Once the Semi Gloss Black primer is dry (overnight is fine for the semi gloss) a normal coat of Alclad Aluminium ALC 101 is applied. As I was not sure at this point just how much chipping I would do I decided to cover the entire airframe. Note the the nosecone is painted a tan color to represent the perspex item and likewise the control surfaces were painted a cloth color.
After the Alclad has dried, I applied via airbrush a light coat of a new product I have been using lately to do paint chipping. Its from an Italian company called True Earth - Run Off Effect. The way you use it is very similar to the "Hairspray Technique" which basically uses water soluable hairspray to create a barrier coat between two layers of paint. To randomly remove (ie chip) the top coat you apply water and let it soak thru the top coat (which must be acrylic based) and when it hits the hairspray (or in my case the True Earth Run Off Effect) it disolves and the top coat comes away. Takes a bit of practise but I like the results. If your wondering what this photo has to do with the P-61, well its nothing. I borrowed it from the True Earth website to illustrate how the product works.
So after leaving the True Earth Run Off Effect to dry (15 mins) a fairly light coat of Tamiya XF-85 Rubber Black was applied to the whole airframe. I like the Rubber Black as its not completely black when compared to XF-1 Black. As you can see from the photo I also applied a small amount of light grey to the mix and thin very heavily to fade the centers of most panels on the model. I prefer this technique to pre-shading with a darker color. Not sure what happend to the color of these photos because Rubber Black is certainly much blacker than it appears here (see some of the later photos)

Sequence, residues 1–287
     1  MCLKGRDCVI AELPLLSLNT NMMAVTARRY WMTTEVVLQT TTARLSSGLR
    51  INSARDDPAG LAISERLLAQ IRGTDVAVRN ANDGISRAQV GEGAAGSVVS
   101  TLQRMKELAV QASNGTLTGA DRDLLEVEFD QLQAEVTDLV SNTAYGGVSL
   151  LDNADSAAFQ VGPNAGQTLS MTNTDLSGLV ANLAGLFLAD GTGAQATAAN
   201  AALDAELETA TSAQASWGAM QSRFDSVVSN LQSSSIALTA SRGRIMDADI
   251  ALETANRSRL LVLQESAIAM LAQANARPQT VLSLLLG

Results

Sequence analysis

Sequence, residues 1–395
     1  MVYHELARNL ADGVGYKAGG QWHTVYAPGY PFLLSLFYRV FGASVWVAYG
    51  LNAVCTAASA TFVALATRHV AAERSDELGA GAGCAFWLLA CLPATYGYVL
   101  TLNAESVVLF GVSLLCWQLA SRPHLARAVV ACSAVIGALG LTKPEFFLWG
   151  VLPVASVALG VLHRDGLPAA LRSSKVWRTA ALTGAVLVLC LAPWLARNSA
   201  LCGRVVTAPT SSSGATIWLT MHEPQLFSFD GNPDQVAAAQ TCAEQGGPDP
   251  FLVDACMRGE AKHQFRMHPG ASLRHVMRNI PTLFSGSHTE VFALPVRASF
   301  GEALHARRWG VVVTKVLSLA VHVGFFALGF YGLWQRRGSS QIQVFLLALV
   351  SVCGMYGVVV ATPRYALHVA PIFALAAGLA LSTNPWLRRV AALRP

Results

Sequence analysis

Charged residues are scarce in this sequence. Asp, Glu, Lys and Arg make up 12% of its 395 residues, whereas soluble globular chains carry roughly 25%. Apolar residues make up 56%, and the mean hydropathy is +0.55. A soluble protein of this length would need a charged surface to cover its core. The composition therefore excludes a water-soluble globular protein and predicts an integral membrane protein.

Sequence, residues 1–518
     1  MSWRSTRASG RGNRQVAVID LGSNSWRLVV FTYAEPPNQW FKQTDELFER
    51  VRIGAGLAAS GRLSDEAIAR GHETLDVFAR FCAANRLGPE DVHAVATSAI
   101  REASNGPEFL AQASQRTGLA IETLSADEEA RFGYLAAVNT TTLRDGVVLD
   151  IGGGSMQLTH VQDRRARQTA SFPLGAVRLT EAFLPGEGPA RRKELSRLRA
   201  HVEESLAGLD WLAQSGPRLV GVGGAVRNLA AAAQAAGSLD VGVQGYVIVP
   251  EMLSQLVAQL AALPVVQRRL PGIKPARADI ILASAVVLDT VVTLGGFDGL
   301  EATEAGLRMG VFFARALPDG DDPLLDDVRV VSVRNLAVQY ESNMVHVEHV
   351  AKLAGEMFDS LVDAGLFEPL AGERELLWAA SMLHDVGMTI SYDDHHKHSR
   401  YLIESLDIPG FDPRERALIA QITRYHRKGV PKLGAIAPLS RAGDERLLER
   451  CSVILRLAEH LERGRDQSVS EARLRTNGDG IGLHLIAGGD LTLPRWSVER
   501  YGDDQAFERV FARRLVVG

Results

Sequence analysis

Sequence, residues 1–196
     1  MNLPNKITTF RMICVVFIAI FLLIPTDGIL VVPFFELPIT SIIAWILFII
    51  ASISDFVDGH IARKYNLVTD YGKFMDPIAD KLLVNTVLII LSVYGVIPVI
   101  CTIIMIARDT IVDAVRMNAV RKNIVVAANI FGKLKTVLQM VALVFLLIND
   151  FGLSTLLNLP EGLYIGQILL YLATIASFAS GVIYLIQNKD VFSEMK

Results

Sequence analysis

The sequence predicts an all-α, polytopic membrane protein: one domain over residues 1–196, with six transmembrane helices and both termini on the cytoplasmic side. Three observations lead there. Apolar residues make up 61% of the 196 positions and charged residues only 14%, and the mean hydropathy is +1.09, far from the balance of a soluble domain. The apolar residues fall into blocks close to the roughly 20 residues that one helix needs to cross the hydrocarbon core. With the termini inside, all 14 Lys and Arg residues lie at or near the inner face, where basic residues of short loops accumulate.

Once I left the XF-85 to dry (a few hours) it was time to start the chipping process. I had no real process to follow here other than to generously apply water on a brush to the part of the model I wanted to chip and start rubbing. The good thing about this technique is that the paint comes away randomly and looks realistic and the bad thing about this technique is the the paint comes away randomly and sometimes not exactly as you would like. Oh well. I concentrated on the wing and tail leading edges and tail booms as these are where war time photos show most obvious wear on the P-61's black paint.
Overall I was more than pleased with the result given it was the first time I had used this technique on a large scale. Some areas I did not like the look of but given I was going for a random effect I figured random is random, don't be a control freak ...
Because I wanted to chip the nose of the model (just like the real thing) I had previously undercoated it with a non metalic color as the radome was made from perspex. Its a small detail but one that if not done right will be picked up by someones keen eye.
With the chipping complete to my satisfaction it was time for a coat of gloss clear (Future floor polish in my case). Next up was the decals and I used an older sheet Aeromaster 48-628 Black Widows Pt.1 I chose this sheet because of the red cowl flaps and spinners which I believed would liven up the model with some color. As expected the decals performed faultlessly.
Of the three options provided on the decal sheet I chose Midnite Madness which was actually written off during the war when it was literally run over by another P-61 which failed to see it still on the runway (it had blown a tire on landing) due to fog.
My decision to to highlight the panel lines with a light color will not be to everyones taste. However by the time I got to this stage I had looked at plenty of PTO P-61's and even in black and white you could quite clearly see the coral dust had settled in the panel joins and against the black paint was very visible. To not put some sort of wash on the panel lines would have been a shame as GWH has done a beautiful job in the detail and I kinda wanted to show it off (without looking unrealistic).
Once the excess panel wash was removed and cleaned up with White Spirits (I used Model Master Light Grey for the wash) I think the effect worked well. I knew this would (could) be toned down with additional weathering to come after.